Social capital in maritime joint ventures: the case of Lyttelton Stevedoring Co., 1977-1989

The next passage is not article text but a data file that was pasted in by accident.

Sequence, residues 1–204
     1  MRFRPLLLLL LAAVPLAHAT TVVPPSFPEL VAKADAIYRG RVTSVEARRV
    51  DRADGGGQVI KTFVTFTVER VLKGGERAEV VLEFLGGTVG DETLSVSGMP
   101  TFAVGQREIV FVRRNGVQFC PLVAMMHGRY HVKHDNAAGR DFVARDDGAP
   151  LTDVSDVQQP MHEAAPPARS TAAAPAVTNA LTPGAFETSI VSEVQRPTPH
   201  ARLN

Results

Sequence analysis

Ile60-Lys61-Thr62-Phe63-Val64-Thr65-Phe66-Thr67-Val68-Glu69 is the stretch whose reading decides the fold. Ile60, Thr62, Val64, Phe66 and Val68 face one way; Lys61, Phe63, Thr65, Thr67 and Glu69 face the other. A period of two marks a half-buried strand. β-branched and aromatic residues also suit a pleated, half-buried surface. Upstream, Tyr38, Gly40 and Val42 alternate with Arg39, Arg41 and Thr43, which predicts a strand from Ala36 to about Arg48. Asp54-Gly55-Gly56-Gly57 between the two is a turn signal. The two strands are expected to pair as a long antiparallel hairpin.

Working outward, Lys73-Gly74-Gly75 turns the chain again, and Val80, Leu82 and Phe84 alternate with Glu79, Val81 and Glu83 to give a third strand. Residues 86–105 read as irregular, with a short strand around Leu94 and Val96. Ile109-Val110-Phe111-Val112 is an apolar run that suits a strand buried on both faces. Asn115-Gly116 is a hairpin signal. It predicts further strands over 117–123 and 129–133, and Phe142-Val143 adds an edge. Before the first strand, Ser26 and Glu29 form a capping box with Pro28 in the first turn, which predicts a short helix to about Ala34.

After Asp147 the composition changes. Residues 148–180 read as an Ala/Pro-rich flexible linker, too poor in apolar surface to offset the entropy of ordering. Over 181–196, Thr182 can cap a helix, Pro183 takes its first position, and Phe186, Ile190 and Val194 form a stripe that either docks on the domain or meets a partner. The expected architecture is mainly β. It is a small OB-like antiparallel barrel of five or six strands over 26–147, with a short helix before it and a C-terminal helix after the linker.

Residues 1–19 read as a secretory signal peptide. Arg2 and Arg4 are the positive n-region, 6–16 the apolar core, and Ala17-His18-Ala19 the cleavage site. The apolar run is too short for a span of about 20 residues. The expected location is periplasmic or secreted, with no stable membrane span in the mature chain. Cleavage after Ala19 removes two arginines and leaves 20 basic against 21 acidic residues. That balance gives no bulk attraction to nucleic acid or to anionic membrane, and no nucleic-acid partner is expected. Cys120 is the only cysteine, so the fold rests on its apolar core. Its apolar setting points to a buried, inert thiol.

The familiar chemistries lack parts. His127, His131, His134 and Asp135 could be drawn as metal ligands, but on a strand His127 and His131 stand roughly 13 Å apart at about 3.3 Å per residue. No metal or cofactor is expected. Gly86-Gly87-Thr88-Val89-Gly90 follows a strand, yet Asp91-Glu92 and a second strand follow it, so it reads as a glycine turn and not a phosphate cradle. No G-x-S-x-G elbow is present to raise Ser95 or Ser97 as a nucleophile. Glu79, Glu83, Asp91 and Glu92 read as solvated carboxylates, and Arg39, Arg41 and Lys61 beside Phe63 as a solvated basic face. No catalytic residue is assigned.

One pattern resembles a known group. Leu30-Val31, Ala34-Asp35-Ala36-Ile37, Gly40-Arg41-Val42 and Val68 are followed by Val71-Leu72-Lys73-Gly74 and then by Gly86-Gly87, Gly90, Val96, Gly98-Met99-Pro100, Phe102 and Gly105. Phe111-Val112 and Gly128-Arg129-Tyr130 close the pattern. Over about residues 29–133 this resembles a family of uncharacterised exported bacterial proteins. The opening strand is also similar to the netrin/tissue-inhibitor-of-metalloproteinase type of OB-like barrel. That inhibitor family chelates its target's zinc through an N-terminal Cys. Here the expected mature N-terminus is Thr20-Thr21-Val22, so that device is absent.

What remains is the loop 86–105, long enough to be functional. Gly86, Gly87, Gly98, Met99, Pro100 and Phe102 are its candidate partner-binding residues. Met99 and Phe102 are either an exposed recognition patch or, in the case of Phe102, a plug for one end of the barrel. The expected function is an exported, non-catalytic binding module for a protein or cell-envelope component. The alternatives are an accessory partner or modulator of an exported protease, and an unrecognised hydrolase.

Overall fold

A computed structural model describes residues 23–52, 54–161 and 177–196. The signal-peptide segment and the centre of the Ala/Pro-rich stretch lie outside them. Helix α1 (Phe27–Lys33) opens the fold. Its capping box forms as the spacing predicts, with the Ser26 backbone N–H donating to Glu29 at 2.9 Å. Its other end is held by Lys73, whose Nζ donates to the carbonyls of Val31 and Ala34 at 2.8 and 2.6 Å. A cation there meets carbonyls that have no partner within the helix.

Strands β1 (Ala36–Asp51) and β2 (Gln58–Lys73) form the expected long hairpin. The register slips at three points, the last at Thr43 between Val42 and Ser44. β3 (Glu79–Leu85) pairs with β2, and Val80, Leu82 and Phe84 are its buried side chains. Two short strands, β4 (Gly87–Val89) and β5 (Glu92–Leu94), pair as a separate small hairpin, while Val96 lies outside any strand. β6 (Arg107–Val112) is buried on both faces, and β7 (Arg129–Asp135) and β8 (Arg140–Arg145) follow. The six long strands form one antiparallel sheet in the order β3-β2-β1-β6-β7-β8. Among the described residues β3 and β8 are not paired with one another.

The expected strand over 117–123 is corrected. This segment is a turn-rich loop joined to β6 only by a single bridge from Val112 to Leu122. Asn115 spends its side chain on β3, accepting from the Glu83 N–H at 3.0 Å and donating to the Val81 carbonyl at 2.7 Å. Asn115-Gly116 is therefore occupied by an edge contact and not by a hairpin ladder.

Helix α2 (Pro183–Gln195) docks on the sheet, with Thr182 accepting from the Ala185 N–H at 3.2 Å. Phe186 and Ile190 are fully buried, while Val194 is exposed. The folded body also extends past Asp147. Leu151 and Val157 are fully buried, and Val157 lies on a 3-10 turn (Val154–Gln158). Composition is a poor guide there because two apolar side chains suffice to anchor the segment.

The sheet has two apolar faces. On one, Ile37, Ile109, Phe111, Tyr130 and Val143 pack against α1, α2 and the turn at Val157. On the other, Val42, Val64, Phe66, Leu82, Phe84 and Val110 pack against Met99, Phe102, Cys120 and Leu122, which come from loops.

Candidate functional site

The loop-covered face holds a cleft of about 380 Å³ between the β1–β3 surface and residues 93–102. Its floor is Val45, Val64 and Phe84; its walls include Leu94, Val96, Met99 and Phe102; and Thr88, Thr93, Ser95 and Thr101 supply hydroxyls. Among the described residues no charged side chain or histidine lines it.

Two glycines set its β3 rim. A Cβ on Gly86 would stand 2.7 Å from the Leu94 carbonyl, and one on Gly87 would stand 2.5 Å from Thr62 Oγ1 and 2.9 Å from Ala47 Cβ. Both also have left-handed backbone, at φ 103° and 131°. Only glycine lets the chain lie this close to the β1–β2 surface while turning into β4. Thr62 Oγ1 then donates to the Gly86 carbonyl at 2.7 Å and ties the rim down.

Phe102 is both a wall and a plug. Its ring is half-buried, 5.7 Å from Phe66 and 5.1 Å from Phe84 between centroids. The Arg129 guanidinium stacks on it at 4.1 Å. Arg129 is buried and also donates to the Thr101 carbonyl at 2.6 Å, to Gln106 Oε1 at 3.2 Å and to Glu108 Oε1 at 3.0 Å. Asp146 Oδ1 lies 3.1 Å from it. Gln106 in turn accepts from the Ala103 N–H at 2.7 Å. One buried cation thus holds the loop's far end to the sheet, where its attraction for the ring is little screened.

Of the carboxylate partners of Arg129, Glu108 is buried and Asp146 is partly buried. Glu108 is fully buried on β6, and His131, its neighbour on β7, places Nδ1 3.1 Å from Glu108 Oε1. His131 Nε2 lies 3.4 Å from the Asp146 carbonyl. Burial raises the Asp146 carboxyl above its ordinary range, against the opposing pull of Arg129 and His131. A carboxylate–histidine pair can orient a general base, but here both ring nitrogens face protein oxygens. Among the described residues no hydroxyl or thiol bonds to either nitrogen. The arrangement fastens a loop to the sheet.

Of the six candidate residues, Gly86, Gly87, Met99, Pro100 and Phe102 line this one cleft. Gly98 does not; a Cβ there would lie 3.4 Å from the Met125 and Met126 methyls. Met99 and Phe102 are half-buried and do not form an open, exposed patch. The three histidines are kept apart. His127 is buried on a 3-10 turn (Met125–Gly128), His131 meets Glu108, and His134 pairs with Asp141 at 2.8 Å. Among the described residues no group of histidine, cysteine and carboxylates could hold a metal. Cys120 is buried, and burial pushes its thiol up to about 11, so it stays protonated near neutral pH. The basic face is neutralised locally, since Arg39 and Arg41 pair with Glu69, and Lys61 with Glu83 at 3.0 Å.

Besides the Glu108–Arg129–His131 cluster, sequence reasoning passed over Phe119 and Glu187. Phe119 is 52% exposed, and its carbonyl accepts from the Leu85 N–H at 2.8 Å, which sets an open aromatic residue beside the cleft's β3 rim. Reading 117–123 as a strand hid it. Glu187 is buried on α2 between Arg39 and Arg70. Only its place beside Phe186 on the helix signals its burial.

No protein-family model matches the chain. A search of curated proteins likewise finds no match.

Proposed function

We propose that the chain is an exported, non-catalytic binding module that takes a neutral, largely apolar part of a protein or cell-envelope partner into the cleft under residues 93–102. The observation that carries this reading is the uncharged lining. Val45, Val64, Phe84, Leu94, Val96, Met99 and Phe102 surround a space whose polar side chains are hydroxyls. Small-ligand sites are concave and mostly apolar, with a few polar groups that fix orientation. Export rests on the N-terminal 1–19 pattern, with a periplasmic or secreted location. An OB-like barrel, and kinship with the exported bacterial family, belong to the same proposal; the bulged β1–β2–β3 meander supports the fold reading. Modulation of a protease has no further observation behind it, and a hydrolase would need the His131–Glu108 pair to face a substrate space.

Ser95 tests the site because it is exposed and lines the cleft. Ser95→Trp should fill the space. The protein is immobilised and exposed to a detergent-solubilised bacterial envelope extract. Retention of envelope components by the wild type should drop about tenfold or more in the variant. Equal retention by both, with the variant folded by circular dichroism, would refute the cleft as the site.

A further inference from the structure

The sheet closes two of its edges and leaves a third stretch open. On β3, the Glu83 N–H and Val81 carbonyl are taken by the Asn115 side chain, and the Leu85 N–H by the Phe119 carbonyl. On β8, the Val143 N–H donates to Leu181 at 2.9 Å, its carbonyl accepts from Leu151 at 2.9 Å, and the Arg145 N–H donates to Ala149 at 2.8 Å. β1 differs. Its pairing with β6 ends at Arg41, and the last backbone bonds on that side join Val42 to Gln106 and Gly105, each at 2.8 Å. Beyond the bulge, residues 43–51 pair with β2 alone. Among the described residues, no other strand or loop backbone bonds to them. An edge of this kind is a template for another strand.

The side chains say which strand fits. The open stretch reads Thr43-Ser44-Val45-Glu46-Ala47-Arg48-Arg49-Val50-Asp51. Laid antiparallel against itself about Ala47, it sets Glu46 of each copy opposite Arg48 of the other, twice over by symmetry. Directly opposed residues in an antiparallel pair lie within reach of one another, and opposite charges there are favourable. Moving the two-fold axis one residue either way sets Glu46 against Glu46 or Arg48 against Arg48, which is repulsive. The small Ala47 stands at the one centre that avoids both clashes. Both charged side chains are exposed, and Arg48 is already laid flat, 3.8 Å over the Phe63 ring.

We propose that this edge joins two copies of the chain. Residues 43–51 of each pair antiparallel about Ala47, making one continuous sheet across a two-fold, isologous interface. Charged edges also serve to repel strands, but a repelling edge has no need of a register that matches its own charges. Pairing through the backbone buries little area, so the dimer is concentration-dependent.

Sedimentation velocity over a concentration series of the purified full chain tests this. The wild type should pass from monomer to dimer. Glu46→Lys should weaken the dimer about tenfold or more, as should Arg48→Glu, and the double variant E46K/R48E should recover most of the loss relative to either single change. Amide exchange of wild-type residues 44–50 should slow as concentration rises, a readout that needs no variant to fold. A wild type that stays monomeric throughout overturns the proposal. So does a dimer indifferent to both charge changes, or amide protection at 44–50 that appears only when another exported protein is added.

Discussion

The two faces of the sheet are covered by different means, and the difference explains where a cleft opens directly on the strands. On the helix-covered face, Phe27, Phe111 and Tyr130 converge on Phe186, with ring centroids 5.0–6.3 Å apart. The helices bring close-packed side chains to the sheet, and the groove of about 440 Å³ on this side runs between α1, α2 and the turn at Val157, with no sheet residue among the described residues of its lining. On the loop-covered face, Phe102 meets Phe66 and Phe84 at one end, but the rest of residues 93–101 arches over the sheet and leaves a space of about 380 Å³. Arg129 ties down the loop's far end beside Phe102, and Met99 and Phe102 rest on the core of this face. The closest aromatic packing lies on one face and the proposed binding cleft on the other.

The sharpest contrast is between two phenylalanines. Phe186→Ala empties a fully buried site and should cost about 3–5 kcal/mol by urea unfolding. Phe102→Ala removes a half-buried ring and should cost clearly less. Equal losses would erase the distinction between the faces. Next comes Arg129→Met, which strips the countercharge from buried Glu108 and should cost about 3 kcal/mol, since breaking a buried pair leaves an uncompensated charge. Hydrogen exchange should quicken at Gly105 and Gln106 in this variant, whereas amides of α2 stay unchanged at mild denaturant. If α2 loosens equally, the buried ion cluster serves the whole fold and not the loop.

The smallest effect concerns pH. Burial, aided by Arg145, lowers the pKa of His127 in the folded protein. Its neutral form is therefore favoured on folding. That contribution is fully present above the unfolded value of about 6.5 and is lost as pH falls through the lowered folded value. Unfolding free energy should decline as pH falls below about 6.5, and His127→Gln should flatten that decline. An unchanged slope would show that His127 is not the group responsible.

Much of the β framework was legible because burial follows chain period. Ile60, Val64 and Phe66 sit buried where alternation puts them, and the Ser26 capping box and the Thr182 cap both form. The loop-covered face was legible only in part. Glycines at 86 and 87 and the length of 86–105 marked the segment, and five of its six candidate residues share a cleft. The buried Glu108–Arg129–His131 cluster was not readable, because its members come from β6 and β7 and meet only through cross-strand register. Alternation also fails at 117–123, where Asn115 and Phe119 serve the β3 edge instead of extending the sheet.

During the late 1970s a new type of firm developed in New Zealand’s stevedoring industry that was replete with social capital. These new companies were joint ventures that included port trade unions as partners. This essay uses one of these ventures, the Lyttelton Stevedoring Company (LSC), as a case study to explore the role of social capital in the formation and success of maritime joint ventures. Small in size, the LSC was founded during a period of intense technological change. Containerization was proceeding apace, and the attendant economies of scale favoured larger enterprises in stevedoring. Yet the LSC operated for more than a decade in this environment, with heightened competitive rivalry among increasingly capital-intensive firms. The LSC was profitable in seven of its twelve years but operated on a shoestring for much of that time. A consultant’s report commissioned in 1987 by one of the partners was damning, noting that the LSC had “weak management,” exhibiting both a “lack of professionalism” and a “lack of costing procedures [and] financial reporting.”1 What makes the LSC interesting therefore is not its financial or managerial performance, each of which was unremarkable if not sometimes dire, but that it remained in business for twelve years despite these failings. Operating with poor management in a turbulent environment, the LSC survived only because of the social capital possessed by its venture partners.
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